Home > 2016 Retirement Wrap Up

2016 Retirement Wrap Up

January 1st, 2017 at 03:27 pm

Our retirement investing is on auto pilot. My husband saves 10% of his base pay (this is pay that does not include our housing allowance). We also each max out our Roth IRAs for a total of $11,000 a year. Our total retirement investment for 2016 was $20,032.04.

The total balance in our retirement accounts at the end of 2015 was $330,739.99. We ended 2016 with a total balance of $392,814.02. A difference of $62,074.03. More than two thirds of that increase was growth!

I wish the market had done well enough for us to see $400K. We were really close at one point, but the market fluctuates. We will get there!

Our retirement savings rate is 17.45% of our income. I often bump this up every year by 1%. I'm pretty sure I will do it again this year, too. I'm also contemplating changing from Roth IRAs to Traditional. We are in the 15% tax bracket so the savings would be $1650 in taxes. I guess I figure this is money we could put toward college expenses that are happening now. I have a little over two weeks to decide (the auto investment happens around the 18th of the month for our Roth IRAs).

Are you increasing your retirement savings in 2017?

8 Responses to “2016 Retirement Wrap Up”

  1. MonkeyMama Says:

    I'd recommend that you run your tax return with and without Traditional IRA contributions, to see the real tax difference. Taxes aren't quite that simple. We are only in the 15% tax bracket, but we save 25% for every dollar we put into Traditional IRAs. (Because we also lose other deductions if our AGI is higher). So we have been doing Traditional IRAs for the past few years.

    How exciting to be so close to $400k!

    I don't plan to increase retirement savings, but we max out everything that we can.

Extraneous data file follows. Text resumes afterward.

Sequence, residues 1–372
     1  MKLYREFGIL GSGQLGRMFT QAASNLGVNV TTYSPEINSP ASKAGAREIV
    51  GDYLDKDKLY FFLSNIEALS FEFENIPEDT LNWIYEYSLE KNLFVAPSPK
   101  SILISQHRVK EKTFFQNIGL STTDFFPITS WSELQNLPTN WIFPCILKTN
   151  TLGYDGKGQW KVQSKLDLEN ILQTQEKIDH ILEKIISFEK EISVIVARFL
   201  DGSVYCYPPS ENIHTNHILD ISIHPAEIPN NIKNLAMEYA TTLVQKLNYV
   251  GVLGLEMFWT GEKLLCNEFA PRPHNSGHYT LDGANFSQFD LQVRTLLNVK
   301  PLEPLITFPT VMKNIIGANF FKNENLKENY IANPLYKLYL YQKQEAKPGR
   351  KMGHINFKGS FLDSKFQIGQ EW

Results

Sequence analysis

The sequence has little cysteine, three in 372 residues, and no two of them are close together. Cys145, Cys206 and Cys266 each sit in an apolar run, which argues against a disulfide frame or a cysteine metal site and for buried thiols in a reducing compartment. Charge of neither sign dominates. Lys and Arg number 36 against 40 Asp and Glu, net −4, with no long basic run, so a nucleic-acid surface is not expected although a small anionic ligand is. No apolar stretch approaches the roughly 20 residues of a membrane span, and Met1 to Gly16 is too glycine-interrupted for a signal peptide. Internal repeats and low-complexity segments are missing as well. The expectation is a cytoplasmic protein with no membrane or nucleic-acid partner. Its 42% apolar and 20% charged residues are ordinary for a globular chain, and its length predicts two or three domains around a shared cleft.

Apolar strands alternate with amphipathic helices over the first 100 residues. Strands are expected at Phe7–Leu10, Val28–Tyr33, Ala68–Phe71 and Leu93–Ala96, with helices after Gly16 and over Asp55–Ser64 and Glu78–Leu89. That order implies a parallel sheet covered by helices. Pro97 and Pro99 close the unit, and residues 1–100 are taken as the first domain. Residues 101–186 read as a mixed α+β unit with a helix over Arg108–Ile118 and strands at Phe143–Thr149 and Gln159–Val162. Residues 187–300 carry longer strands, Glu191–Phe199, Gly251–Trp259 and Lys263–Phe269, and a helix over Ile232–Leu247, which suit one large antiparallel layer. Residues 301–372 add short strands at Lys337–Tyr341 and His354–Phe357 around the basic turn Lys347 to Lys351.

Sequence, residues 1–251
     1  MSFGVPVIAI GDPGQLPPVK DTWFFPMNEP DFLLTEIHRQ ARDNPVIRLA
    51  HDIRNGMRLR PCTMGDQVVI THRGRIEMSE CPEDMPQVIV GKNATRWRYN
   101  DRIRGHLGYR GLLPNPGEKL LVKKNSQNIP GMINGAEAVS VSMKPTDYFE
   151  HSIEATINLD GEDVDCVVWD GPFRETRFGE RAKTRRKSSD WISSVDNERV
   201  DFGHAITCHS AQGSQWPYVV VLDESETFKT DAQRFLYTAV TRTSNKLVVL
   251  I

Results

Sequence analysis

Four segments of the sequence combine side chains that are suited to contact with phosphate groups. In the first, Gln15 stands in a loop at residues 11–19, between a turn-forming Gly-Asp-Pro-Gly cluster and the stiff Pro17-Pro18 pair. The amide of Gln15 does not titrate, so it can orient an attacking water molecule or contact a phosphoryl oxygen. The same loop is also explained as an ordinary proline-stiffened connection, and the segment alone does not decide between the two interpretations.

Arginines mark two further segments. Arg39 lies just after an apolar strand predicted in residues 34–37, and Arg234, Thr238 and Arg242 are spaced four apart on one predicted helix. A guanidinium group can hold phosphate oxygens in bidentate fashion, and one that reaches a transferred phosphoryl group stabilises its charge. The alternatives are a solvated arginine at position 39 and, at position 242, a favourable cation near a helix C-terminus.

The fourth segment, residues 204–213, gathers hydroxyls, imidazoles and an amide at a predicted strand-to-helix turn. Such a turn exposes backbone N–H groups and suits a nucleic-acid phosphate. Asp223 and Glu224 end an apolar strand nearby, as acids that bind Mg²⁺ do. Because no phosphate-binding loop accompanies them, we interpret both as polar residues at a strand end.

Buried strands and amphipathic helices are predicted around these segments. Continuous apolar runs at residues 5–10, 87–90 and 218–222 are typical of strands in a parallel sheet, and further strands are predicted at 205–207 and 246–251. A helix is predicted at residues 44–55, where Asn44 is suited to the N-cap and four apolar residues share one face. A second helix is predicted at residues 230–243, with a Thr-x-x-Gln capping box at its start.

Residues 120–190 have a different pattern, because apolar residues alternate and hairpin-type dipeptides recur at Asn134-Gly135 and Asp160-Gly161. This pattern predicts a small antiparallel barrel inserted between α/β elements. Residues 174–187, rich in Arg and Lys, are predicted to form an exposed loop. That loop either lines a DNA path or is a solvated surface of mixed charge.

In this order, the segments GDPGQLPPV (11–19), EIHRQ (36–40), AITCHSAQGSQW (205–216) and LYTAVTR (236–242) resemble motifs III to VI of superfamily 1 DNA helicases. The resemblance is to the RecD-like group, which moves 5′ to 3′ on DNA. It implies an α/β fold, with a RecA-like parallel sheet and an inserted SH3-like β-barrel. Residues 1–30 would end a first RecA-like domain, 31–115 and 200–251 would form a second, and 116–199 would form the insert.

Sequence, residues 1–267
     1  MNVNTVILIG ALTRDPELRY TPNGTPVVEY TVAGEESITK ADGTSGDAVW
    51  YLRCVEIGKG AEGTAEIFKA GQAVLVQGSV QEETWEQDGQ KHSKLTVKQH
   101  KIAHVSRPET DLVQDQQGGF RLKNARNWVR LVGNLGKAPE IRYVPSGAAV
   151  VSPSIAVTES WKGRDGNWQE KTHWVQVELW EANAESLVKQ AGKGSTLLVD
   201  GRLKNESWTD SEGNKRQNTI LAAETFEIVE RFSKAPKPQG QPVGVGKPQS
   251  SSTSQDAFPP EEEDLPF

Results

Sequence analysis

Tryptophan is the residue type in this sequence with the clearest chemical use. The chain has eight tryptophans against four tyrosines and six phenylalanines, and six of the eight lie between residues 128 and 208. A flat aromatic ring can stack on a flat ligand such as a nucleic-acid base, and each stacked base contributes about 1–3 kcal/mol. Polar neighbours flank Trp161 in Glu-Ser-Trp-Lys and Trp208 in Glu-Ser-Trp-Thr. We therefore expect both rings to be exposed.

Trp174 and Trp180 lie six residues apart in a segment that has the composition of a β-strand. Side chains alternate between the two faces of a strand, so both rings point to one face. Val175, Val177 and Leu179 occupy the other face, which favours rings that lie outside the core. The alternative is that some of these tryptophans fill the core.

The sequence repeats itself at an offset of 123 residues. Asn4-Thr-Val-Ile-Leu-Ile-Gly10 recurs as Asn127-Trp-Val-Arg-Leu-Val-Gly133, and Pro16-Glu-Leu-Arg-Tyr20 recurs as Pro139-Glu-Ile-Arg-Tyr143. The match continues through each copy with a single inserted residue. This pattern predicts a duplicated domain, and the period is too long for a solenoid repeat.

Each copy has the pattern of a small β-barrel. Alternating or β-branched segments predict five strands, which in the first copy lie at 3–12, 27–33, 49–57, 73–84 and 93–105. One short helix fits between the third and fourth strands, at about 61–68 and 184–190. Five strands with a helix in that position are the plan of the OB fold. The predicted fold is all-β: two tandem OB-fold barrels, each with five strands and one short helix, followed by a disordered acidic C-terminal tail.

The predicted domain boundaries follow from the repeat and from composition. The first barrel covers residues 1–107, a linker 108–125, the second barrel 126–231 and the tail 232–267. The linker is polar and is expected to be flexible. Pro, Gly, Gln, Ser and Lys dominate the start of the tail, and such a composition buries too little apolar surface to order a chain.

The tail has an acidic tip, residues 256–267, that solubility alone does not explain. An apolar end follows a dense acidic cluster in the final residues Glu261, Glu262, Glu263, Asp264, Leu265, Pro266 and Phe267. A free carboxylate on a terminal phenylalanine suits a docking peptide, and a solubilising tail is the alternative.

2. creditcardfree Says:

    Thanks MM, I will do that. We don't pay state income tax, so there is no savings there.

  3. MonkeyMama Says:

    Most of the 25% savings is Fed savings, for us. (We only pay about 0.5% to our state). It's just going to depend on your personal tax situation. Which is why the easiest thing to do is just to run your tax return both ways.

  4. rob62521 Says:

    You are doing quiet well on your retirement savings!

  5. FrugalTexan75 Says:

    Yes, I do plan to increase our retirement savings this year. Probably an extra $10/month for each of us starting this month. Once the union contract gets signed for my group, and I get both raises owed ... then I'll probably increase it by 3% - whenever that happens. I had already increased it in August when the new contract *should* have been signed.

  6. livingalmostlarge Says:

    Congratulations. Can you do a traditional IRA if you have a TSP? I thought if were covered by an employment plan at work it's not possible? Also are you below the income requirements? Why not just contribute to the TSP and skip the traditional IRA?

  7. creditcardfree Says:

    @LAL, yes we can we can have the TSP and a Traditional IRA. Just like people can invest in a 401K or 403b and still have traditional or Roths (all with income guidelines of course). We are below the income requirements. Some of our income (over $24K is housing allowances) and is not taxed nor counted as income in determining the income thresholds. You do make a good point of putting the money into the TSP rather than a Traditional IRA. I could do that for DH, but I would like my portion in my name, thus a Traditional IRA would still be necessary for me. I will defin

  8. terri77 Says:

    I will max out my retirement accounts which I have been doing since 2008, but my income has risen so I don't think I'll be saving a third of my income as I have in the past.

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